Exit DERCETAS MARK ANTONY Art thou there, Diomed? Draw thy sword, and give me Sufficing strokes for death. DIOMEDES Most absolute lord, My mistress Cleopatra sent me to thee. MARK ANTONY When did she send thee? DIOMEDES Now, my lord. MARK ANTONY Where is she? DIOMEDES Lock'd in her monument. She had a prophesying fear Of what hath come to pass: for when she saw--Which never shall be found--you did suspect She had disposed with Caesar, and that your rage Would not be purged, she sent you word she was dead;But, fearing since how it might work, hath sent Me to proclaim the truth; and I am come, I dread, too late. MARK ANTONY Too late, good Diomed: call my guard, I prithee. DIOMEDES What, ho, the emperor's guard! The guard, what, ho!
Come, your lord calls!
Enter four or five of the Guard of MARK ANTONY MARK ANTONY Bear me, good friends, where Cleopatra bides;'Tis the last service that I shall command you. First Guard Woe, woe are we, sir, you may not live to wear All your true followers out. All Most heavy day! MARK ANTONY Nay, good my fellows, do not please sharp fate To grace it with your sorrows: bid that welcome Which comes to punish us, and we punish it Seeming to bear it lightly. Take me up:
I have led you oft: carry me now, good friends, And have my thanks for all.
Exeunt, bearing MARK ANTONY SCENE XV. The same. A monument. Enter CLEOPATRA and her maids aloft, with CHARMIAN and IRAS CLEOPATRA O Charmian, I will never go from hence. CHARMIAN Be comforted, dear madam. CLEOPATRA No, I will not:
All strange and terrible events are welcome, But comforts we despise; our size of sorrow, Proportion'd to our cause, must be as great As that which makes it.
Enter, below, DIOMEDES
How now! is he dead? DIOMEDES His death's upon him, but not dead.
Look out o' the other side your monument;His guard have brought him thither.
Enter, below, MARK ANTONY, borne by the Guard CLEOPATRA O sun, Burn the great sphere thou movest in!
darkling stand The varying shore o' the world. O Antony, Antony, Antony! Help, Charmian, help, Iras, help;Help, friends below; let's draw him hither. MARK ANTONY Peace!
Not Caesar's valour hath o'erthrown Antony, But Antony's hath triumph'd on itself. CLEOPATRA So it should be, that none but Antony Should conquer Antony; but woe 'tis so! MARK ANTONY I am dying, Egypt, dying; only I here importune death awhile, until Of many thousand kisses the poor last I lay up thy lips. CLEOPATRA I dare not, dear,--Dear my lord, pardon,--I dare not, Lest I be taken: not the imperious show Of the full-fortuned Caesar ever shall Be brooch'd with me; if knife, drugs, serpents, have Edge, sting, or operation, I am safe:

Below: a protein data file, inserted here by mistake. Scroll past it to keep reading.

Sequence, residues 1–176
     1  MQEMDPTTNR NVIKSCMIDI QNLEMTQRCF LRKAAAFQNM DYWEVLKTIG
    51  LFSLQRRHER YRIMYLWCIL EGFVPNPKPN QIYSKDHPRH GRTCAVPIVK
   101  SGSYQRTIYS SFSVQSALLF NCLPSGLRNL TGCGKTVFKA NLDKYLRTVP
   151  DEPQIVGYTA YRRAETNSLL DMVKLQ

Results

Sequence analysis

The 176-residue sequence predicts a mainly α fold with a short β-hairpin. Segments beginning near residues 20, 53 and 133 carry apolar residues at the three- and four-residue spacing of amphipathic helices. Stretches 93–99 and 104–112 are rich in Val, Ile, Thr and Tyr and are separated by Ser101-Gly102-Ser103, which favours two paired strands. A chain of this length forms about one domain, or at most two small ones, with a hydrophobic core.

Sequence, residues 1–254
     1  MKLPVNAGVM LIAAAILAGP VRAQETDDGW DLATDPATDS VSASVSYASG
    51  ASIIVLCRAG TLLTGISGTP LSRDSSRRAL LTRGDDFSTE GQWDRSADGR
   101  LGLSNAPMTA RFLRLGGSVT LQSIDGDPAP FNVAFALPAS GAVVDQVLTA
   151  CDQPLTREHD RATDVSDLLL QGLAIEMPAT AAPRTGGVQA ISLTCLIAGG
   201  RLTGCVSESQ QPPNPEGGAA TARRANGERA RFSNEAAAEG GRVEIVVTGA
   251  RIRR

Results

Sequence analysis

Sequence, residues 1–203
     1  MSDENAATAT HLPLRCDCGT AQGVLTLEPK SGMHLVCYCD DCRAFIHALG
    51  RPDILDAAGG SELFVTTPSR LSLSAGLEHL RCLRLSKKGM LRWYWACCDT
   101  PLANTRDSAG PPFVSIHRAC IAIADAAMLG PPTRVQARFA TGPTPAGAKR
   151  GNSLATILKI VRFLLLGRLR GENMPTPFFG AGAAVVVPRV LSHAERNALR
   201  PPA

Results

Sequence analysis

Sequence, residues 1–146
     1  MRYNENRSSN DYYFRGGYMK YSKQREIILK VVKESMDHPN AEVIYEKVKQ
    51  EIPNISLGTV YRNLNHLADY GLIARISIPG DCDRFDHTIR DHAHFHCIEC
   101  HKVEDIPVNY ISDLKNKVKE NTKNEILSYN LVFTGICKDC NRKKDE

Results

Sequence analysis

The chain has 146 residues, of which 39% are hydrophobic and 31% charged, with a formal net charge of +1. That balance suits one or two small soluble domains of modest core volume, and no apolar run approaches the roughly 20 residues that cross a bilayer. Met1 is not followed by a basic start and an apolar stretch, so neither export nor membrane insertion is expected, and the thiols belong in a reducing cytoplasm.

Your wife Octavia, with her modest eyes And still conclusion, shall acquire no honour Demuring upon me. But come, come, Antony,--Help me, my women,--we must draw thee up:
Assist, good friends. MARK ANTONY O, quick, or I am gone. CLEOPATRA Here's sport indeed! How heavy weighs my lord!
Our strength is all gone into heaviness, That makes the weight: had I great Juno's power, The strong-wing'd Mercury should fetch thee up, And set thee by Jove's side. Yet come a little,--Wishes were ever fools,--O, come, come, come;They heave MARK ANTONY aloft to CLEOPATRAAnd welcome, welcome! die where thou hast lived:
Quicken with kissing: had my lips that power, Thus would I wear them out. All A heavy sight! MARK ANTONY I am dying, Egypt, dying:
Give me some wine, and let me speak a little. CLEOPATRA No, let me speak; and let me rail so high, That the false housewife Fortune break her wheel, Provoked by my offence. MARK ANTONY One word, sweet queen:
Of Caesar seek your honour, with your safety.
O! CLEOPATRA They do not go together. MARK ANTONY Gentle, hear me:
None about Caesar trust but Proculeius. CLEOPATRA My resolution and my hands I'll trust;None about Caesar. MARK ANTONY The miserable change now at my end Lament nor sorrow at; but please your thoughts In feeding them with those my former fortunes Wherein I lived, the greatest prince o' the world, The noblest; and do now not basely die, Not cowardly put off my helmet to My countryman,--a Roman by a Roman Valiantly vanquish'd. Now my spirit is going;I can no more. CLEOPATRA Noblest of men, woo't die?
Hast thou no care of me? shall I abide In this dull world, which in thy absence is No better than a sty? O, see, my women, MARK ANTONY dies The crown o' the earth doth melt. My lord!
O, wither'd is the garland of the war, The soldier's pole is fall'n: young boys and girls Are level now with men; the odds is gone, And there is nothing left remarkable Beneath the visiting moon.
Faints CHARMIAN O, quietness, lady! IRAS She is dead too, our sovereign. CHARMIAN Lady! IRAS Madam! CHARMIAN O madam, madam, madam! IRAS Royal Egypt, Empress! CHARMIAN Peace, peace, Iras! CLEOPATRA No more, but e'en a woman, and commanded By such poor passion as the maid that milks And does the meanest chares. It were for me To throw my sceptre at the injurious gods;To tell them that this world did equal theirs Till they had stol'n our jewel. All's but naught;Patience is scottish, and impatience does Become a dog that's mad: then is it sin To rush into the secret house of death, Ere death dare come to us? How do you, women?
What, what! good cheer! Why, how now, Charmian!
My noble girls! Ah, women, women, look, Our lamp is spent, it's out! Good sirs, take heart:
We'll bury him; and then, what's brave, what's noble, Let's do it after the high Roman fashion, And make death proud to take us. Come, away:
This case of that huge spirit now is cold:
Ah, women, women! come; we have no friend But resolution, and the briefest end.
Exeunt; those above bearing off MARK ANTONY's body